The Christian World Web of Venantius Fortunatus – World Relations and the Carmina
Although the occasional poems of Venantius Fortunatus (Gaul, 6th century C. E.) are manifold in their content and form, they all create relations to a Christian world order that is proven as relevant to their readers through them. These connections of various (everyday-)subjects to and through a “Christian world web” is shown in 8 exemplary texts. On this base, the Carmina can be understood anew as a Christian collection of the early Middle Ages in the tradition of, but also in clear opposition to the Roman collections of Late Antiquity.
- Venantius Fortunatus’ Carmina try to think Christianity as the (sole) principal of world order and make it useable as a source of world relations for their readers.
- The Carmina are clearly different from earlier Christian texts of Late Antiquity, as in them the Roman tradition as source of identity is fully replaced by Christianity – The Christian Elites that the Carmina construct do not need Rome anymore (and never did).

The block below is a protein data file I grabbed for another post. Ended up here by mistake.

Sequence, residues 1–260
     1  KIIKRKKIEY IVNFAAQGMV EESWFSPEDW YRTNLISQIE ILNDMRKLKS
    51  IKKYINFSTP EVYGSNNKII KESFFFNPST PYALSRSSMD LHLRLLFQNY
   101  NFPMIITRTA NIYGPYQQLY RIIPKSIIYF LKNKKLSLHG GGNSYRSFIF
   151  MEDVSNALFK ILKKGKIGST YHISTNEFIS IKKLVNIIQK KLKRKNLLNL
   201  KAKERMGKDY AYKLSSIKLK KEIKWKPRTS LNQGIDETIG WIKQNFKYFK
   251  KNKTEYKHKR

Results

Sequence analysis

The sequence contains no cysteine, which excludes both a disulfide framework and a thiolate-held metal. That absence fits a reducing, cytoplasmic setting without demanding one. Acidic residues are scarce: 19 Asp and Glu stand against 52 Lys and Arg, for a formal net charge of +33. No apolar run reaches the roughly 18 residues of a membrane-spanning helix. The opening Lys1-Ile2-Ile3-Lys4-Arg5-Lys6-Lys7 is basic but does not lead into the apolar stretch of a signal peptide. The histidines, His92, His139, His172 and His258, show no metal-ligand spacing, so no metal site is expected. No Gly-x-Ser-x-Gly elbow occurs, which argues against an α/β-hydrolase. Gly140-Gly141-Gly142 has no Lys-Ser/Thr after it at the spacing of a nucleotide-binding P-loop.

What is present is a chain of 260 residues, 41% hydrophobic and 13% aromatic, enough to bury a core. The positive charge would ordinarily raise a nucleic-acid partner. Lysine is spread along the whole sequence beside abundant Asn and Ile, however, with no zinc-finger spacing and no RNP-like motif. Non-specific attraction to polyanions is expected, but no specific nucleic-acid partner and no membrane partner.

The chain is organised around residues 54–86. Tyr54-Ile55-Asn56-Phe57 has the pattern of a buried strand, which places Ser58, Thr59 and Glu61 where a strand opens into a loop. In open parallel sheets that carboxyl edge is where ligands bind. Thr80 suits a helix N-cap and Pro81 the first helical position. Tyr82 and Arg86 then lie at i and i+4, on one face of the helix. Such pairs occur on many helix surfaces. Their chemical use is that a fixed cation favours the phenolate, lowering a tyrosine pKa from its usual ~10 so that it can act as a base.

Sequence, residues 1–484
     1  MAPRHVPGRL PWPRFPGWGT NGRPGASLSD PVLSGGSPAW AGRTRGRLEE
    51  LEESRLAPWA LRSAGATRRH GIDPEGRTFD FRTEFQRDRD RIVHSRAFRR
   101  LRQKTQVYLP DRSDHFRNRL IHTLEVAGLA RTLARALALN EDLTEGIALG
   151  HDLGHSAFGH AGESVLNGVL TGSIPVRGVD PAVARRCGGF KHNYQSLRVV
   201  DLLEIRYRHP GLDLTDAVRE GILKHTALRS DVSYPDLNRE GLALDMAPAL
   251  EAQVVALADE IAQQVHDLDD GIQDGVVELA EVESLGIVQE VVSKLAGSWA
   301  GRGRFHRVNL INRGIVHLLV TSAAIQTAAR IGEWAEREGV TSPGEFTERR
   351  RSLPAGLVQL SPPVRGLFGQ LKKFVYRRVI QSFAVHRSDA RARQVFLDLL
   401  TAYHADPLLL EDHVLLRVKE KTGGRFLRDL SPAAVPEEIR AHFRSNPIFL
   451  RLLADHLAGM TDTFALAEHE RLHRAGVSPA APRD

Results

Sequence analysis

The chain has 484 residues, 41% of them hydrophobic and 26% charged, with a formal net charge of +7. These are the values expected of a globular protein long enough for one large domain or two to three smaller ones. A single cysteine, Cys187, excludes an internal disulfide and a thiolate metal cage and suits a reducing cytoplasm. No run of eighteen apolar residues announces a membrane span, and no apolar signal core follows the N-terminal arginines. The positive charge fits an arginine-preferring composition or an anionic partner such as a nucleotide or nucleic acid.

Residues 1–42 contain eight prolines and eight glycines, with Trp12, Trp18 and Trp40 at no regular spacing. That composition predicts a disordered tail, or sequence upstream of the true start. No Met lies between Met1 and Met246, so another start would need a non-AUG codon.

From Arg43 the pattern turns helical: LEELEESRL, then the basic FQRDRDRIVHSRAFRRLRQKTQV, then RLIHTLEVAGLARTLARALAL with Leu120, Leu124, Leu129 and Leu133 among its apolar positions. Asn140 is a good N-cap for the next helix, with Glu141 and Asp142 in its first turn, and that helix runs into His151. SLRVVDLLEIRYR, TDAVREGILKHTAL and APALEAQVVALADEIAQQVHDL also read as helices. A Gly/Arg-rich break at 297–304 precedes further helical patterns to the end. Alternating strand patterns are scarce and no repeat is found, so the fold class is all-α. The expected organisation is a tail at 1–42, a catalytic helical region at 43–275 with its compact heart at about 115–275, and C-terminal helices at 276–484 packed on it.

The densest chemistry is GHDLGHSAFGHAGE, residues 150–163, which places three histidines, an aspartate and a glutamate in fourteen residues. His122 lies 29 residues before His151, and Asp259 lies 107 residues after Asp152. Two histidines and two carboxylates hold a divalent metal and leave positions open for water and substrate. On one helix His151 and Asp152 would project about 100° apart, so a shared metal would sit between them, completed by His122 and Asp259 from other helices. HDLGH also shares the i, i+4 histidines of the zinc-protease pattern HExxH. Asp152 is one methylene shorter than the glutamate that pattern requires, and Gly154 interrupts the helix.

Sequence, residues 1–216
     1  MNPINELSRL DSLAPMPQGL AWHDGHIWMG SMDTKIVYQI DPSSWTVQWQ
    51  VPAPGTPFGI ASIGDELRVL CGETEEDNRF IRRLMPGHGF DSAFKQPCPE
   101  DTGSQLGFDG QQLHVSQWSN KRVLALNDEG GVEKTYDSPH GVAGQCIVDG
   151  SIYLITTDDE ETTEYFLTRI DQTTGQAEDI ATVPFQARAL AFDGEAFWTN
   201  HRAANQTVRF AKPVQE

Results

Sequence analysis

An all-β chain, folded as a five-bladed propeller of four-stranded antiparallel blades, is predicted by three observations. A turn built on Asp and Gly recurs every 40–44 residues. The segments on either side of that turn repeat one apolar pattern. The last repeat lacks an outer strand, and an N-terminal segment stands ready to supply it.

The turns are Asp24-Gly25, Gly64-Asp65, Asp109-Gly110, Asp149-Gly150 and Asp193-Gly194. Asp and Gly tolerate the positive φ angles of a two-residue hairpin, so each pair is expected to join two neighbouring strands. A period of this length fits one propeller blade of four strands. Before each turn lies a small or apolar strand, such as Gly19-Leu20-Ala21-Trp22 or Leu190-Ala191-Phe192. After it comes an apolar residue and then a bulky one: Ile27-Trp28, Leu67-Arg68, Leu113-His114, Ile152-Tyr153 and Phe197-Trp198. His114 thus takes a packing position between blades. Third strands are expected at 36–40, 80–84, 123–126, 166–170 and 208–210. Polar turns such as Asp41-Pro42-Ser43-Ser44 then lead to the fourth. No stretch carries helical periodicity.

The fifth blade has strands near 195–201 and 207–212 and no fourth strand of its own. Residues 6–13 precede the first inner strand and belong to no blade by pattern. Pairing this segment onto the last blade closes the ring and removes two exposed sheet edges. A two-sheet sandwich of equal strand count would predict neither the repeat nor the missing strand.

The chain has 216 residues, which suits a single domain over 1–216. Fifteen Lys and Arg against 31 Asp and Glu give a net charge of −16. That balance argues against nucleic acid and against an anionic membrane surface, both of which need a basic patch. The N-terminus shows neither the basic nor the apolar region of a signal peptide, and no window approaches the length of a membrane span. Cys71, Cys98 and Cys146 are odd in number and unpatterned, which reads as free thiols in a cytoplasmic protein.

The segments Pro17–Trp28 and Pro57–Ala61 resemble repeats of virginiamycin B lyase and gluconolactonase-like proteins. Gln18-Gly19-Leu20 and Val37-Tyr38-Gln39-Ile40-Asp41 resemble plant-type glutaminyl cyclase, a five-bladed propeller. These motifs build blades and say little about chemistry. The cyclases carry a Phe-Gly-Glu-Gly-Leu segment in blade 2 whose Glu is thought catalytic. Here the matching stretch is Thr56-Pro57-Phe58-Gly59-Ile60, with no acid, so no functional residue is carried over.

- Venantius Fortunatus’ Carmina are ideologically in line with the works of Gregory of Tours and can be understood better in the context of a common program of the two medieval authors.
- The offers of world relations in the texts function often via the transformation of weak and strong evaluations, as has been said about resonant world relations by Hartmut Rosa (in referring to Charles Taylor).
- Resonant world relations in the Carmina function, at least partly, in the same way H. Rosa is proposing for world relations in modern times; a fundamental difference between premodern porous selfs and modern buffered selfs could not be found in the examination of offers of world relations in the Carmina.